The Observer, Sept. 9 

The Observer and Spouse spent the Labor Day weekend painting Junior's bedroom. (Yours truly will surely suffer for the statement above, given how little we actually helped.)

Junior's bedroom has been a sickly green for going on five years now — call it "vomit" — a color made even more unflattering by the dark woodwork and doors. Last weekend, buoyed by the prospect of an extra day of leisure and one less day of toil, we pushed all The Kid's stuff to the middle of the room, threw down a drop cloth and got started.

Did The Observer mention how much we hate painting? We start fine, but fade quickly. By the end of any painting job, we're doing a pretty good impersonation of those kids in the fence whitewashing competition at Tom Sawyer days in Hannibal, Mo., slathering it on with no mind for runs, drips or errors. Our lovely bride, however, is a machine, and pressed on. When she was done 12 hours later, the woodwork was a creamy white and the walls a shade bluer than sky. Spouse was liberally covered in both hues from hairline to foot.

Scrub as she might, when we went visiting on Labor Day, and people asked what color she painted the room, she held up her elbows, one blue, one off-white. "See?" she said, and her smile was brighter than anything you're going to find at Sherwin-Williams.

The Observer has lived in Little Rock for many decades, and so we are surprised when we find ourselves on a street we've never been on. That's the way it is when you've lived in a place longer than half its neighborhoods have existed, when your own neighborhood was once near the city limits. You figure you've seen it all.

So we found ourselves walking down Valentine Street early Sunday with the old dog, who now gets to go wherever she wants and won't go wherever she doesn't want anyway. She wanted to go south on Valentine toward the interstate, up a hill we've never gone up and past two churches we'd never seen or heard of, one in a little white clapboard house, the other next to it, a large new brick affair, set amid older homes.

We turned east on Sixth Street toward music we could hear. We thought it was coming from a shiny Cadillac parked in the drive in front of an old two-bay garage, but it was coming from a stereo system at the back of the neat, mostly empty structure, a space obviously made for socializing. Outside the garage, potted plants stood in a neat group, each poised atop an overturned fruit basket or a cube of wood. We were wondering about the plants when our dog started sniffing the grass.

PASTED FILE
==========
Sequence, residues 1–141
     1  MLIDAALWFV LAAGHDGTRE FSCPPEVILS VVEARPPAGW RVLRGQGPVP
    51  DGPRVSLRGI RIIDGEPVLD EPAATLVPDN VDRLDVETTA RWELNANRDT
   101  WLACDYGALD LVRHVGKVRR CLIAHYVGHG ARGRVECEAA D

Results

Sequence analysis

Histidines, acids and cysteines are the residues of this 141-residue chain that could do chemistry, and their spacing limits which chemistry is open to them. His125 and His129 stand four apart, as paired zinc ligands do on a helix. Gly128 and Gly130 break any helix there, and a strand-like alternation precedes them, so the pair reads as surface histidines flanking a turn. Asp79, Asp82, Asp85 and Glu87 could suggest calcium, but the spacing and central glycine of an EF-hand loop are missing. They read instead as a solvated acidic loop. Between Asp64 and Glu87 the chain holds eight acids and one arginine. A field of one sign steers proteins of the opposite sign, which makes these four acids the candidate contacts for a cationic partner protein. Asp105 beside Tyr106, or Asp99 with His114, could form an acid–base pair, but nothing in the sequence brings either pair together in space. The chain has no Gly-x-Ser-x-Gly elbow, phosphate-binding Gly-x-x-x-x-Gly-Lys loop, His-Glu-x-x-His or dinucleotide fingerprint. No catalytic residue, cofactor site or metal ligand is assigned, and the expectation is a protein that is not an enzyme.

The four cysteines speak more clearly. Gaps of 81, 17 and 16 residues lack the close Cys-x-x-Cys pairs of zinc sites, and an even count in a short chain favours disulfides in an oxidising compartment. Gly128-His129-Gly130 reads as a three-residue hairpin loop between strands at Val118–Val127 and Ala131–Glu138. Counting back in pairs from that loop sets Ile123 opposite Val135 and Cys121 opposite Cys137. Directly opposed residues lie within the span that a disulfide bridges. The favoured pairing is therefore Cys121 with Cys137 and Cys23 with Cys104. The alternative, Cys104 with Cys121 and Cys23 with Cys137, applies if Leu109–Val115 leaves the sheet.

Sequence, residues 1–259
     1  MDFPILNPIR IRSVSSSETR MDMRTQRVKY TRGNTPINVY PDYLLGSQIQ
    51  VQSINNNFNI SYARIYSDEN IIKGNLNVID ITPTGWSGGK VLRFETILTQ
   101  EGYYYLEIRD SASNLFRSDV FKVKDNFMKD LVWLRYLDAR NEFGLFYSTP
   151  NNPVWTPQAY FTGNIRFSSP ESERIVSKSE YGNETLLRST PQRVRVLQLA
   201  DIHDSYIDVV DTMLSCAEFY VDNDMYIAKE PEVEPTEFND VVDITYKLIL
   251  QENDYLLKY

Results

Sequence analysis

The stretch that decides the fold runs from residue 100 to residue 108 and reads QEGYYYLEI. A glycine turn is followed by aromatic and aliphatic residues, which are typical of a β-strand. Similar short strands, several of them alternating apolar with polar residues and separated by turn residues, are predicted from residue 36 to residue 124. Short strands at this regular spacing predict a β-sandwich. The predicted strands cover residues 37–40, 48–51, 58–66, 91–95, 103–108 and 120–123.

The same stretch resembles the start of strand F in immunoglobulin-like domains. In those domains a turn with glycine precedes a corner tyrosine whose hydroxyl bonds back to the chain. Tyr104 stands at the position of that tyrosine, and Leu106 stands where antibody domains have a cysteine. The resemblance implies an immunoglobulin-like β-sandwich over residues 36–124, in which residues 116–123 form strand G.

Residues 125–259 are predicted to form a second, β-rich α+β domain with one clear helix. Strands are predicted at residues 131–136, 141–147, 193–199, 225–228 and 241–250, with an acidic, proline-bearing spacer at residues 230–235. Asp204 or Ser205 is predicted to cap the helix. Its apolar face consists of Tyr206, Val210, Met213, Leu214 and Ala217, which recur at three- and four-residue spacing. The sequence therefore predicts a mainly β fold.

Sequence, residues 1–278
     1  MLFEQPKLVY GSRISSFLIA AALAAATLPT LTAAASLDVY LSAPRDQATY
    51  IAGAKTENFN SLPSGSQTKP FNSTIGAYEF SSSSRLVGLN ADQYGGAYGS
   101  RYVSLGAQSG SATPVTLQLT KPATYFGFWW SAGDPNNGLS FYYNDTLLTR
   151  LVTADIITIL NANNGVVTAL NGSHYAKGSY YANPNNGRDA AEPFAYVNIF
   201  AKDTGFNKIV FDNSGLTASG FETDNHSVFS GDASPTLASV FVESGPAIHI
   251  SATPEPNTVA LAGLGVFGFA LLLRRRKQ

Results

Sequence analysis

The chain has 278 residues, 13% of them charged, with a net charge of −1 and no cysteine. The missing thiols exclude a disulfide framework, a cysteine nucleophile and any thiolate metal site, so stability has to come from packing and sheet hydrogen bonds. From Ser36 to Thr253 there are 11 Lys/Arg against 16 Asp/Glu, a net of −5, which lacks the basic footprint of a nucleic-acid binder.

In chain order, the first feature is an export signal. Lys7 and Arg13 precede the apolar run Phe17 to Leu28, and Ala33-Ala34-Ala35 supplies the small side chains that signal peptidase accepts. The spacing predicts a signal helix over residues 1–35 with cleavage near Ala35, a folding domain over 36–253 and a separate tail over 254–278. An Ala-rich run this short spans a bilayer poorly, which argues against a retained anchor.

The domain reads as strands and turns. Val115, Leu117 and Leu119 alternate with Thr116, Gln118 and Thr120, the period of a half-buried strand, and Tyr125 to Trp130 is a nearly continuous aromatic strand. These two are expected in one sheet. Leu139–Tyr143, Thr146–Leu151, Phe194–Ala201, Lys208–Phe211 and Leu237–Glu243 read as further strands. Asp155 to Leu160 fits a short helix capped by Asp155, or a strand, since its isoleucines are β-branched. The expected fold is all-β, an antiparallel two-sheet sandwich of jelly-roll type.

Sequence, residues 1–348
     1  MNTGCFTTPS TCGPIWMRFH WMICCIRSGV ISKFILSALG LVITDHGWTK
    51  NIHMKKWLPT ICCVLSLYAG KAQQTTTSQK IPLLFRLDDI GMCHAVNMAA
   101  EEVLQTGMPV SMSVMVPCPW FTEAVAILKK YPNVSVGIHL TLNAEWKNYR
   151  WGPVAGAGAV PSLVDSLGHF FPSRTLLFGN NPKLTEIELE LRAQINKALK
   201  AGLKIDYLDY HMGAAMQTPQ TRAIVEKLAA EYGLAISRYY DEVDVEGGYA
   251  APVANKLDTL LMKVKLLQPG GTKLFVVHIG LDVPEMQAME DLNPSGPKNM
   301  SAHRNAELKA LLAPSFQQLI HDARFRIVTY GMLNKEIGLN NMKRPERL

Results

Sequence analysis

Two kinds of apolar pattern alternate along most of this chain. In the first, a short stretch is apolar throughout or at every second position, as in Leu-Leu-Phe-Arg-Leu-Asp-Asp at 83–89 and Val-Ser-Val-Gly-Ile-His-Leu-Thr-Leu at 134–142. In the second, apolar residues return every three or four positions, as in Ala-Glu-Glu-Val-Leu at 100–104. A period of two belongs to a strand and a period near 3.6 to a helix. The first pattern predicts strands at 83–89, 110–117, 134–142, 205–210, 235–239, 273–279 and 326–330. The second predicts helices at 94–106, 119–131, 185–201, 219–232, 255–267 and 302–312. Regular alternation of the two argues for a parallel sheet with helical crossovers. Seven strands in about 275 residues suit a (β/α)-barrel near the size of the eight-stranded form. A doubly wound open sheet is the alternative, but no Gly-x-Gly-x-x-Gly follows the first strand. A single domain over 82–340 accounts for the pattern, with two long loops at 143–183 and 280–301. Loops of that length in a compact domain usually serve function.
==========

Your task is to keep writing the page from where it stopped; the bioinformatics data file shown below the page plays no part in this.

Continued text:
Bang! A side screened door to the house opened and a man came out waving his hands, Off the grass! Off the grass! He was older man with a grizzled beard and an expression that was more exasperated than angry, like we should have known better. We apologized, showed him our plastic bag that we'd intended to use if we needed it and he shook his head and said that wasn't the problem. He pointed to the screen door and said there was a Rottweiler behind it "and he's trained to stay on the grass so he [our dog] has to stay in the street." We complimented him on his ability to train his dog to stay in the yard and he nodded and headed back to the house, yelling to someone in the house that he'd taken care of things.

We'd hoped the compliment, which we really meant, would start a conversation. We wanted to ask, "Why are each of your potted plants on pedestals? How long have you lived here? Do you entertain in the garage? What's the story with the tiny church around the corner?" There was something really fascinating about this old man, who wasn't angry but insistent, who made us feel stupid for letting our dog walk on his grass but not insulted. We wanted to tell him we'd lived for nearly 60 years in Little Rock, but had never been on his street. He probably wouldn't have given a damn, but he's old and we're old and it would have been nice to compare notes.



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